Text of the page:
Should Ukraine be admitted to the European Union?
- On February 28, 2022, Ukrainian President Volodymyr Zelenskyy signed an application for membership to the European Union after releasing a video calling for immediate entry and Russian forces to go home.
- Although Ukraine is not currently part of the European Union, it “will continue to support Ukraine and its people together with its international partners, including through additional political, financial and humanitarian support.” Since 2014, the EU has supported the country with over 17 billion pounds to support reform, and in January 2022, greenlit an assistance package (MFA) of up to 1.2 billion pounds.
- Russia’s invasion of Ukraine was initiated on February 24, 2022, with “unleashing airstrikes on cities and military bases and sending in troops and tanks” with condemnation coming from the US, Europe, South Korea, Australia, and other countries.
- The European Union is a conglomeration of 27 countries under the status of an internal market, which allows free movement of goods, capital, services, and people between member states. Membership is a “complex procedure” that entails strict EU rules and regulations.
While some may be calling for Ukraine to quickly join the European Union due to the ongoing crisis with Russia, there are several reasons the nation hasn't been invited in the past decade, despite interest from many Ukrainians. Many states within the EU aren't exactly keen to admit more members. Admitting another nation likely to need help is a difficult sell at home for many European politicians. Joining the EU is a major undertaking and means meeting economic, judicial, defense, and other obligations that Ukraine may not be ready to meet. The fastest ever EU application was from Finland, which took five years to complete; Ukraine was simply too hasty to be admitted during this crisis.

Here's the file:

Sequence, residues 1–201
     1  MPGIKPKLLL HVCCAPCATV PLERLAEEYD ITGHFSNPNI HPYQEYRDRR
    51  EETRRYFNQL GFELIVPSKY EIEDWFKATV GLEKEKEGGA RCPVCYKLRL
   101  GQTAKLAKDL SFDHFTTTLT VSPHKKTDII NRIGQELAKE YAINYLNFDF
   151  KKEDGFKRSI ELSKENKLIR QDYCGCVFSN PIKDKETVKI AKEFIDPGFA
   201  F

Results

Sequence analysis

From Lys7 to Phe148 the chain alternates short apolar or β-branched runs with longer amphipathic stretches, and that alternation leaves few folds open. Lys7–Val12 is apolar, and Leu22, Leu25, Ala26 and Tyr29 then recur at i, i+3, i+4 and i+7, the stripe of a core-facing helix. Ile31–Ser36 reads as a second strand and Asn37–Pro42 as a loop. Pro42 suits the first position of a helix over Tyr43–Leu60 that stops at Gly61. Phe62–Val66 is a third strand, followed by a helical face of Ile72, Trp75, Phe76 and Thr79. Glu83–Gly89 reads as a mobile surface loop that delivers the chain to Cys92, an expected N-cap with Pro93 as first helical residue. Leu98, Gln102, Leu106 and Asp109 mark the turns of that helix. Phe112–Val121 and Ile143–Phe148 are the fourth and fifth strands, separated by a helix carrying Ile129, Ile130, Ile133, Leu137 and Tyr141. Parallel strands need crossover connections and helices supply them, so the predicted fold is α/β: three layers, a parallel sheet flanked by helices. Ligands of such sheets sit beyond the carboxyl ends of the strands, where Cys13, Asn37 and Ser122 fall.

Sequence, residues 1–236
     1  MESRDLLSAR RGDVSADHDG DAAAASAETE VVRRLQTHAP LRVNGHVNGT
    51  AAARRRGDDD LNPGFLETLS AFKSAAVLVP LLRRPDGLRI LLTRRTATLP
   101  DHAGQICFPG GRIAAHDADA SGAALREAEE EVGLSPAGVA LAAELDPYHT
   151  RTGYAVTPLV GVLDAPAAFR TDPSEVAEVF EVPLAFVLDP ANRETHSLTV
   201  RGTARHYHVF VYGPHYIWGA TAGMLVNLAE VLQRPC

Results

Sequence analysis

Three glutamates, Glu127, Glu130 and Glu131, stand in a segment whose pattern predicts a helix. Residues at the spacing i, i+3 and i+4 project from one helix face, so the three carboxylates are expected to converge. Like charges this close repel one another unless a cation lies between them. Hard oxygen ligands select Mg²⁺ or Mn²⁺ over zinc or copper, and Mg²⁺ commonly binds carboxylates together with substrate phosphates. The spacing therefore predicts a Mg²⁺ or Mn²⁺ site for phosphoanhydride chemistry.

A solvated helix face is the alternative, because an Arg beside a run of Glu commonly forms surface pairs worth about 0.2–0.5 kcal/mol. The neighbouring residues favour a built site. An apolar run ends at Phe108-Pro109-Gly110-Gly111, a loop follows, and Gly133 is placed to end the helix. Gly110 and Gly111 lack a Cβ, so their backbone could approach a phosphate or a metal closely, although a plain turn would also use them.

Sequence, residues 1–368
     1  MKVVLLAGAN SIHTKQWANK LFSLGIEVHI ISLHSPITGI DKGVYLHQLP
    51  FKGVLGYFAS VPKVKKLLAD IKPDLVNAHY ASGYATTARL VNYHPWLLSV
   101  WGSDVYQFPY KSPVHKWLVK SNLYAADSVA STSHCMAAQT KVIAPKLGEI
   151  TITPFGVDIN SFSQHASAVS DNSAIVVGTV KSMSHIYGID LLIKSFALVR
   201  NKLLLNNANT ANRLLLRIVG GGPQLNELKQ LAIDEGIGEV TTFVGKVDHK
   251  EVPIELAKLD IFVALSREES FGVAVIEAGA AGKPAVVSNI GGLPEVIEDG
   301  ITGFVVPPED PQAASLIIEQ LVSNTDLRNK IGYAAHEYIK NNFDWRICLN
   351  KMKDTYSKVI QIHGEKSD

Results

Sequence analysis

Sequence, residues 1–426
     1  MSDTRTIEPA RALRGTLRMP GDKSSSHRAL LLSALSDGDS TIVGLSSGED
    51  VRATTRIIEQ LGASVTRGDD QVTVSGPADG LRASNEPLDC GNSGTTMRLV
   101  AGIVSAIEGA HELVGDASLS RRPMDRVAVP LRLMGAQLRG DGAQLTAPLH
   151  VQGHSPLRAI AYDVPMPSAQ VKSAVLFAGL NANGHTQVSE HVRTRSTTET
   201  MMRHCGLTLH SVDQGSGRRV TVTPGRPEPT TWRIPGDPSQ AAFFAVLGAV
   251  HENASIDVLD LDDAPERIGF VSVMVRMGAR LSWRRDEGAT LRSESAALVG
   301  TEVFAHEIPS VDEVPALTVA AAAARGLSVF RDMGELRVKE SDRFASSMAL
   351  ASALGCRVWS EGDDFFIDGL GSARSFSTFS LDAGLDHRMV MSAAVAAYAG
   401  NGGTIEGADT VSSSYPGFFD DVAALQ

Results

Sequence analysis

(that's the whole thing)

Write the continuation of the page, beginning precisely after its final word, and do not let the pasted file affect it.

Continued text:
Ukraine and Russia have a long history of conflict, and admitting Ukraine into the European Union would likely put the bloc on a course for conflict with Russia. This would be further complicated because a Russian attack on any NATO members in the EU would require a response from all NATO powers, including the United States, as per the treaty agreement. While the current Russian aggression in Ukraine is illegal and tragic, admitting Ukraine into the EU could potentially lead to wide-scale war in Europe and beyond, potentially even nuclear conflict with the United States.
Finally, there are many ways for the European Union and other allies to support Ukraine without hastily admitting it to the bloc. The EU has agreed for the first time in its history to fund military intervention in another country and to send weapons to support the Ukrainian resistance. It has also agreed to take in refugees for up to three years without requiring an asylum application first.
The unprovoked invasion of Ukraine by Russia has altered the region's geopolitical landscape. At present, Ukraine has been left alone in no man's land without any military assistance from its European neighbors. But this may change if Ukraine is allowed to enter the European Union. Members of the European nation have supported each through numerous crises in recent decades; admitting Ukraine to the union will perhaps hinder future military conflicts with its Russian neighbor.
At the latest meeting, European commission chief Ursula von der Leyen has admitted that Ukraine does, in fact, belong to the European Union for several reasons: many European nations have been conducting trade with Ukraine for decades, and secondly, there is very close cooperation on the energy grid. In 2014, Ukraine and the European Union already signed the Deep and Comprehensive Free Trade Area (DCFTA). It was a very ambitious bilateral agreement signed by the then-president of Ukraine, Petro Poroshenko, and in 2016, Ukraine formally joined the EU with the DCFTA. And in 2017, the Ukraine parliament agreed to join the EU as part of its security and foreign policy.
Almost every nation in the European Union (minus Serbia) has agreed to support the sanctions against Russia for its invasion of Ukraine. The general feeling is that Ukraine is part of Europe—an independent democracy with western beliefs and values. But entering the European Union is a process that takes time. And with peace talks already started between Ukraine and Russia, some might claim joining the European Union may not be a priority so as not to infuriate Putin even further. Regardless, Ukraine deserves a spot in the EU, with peace being the ultimate goal.
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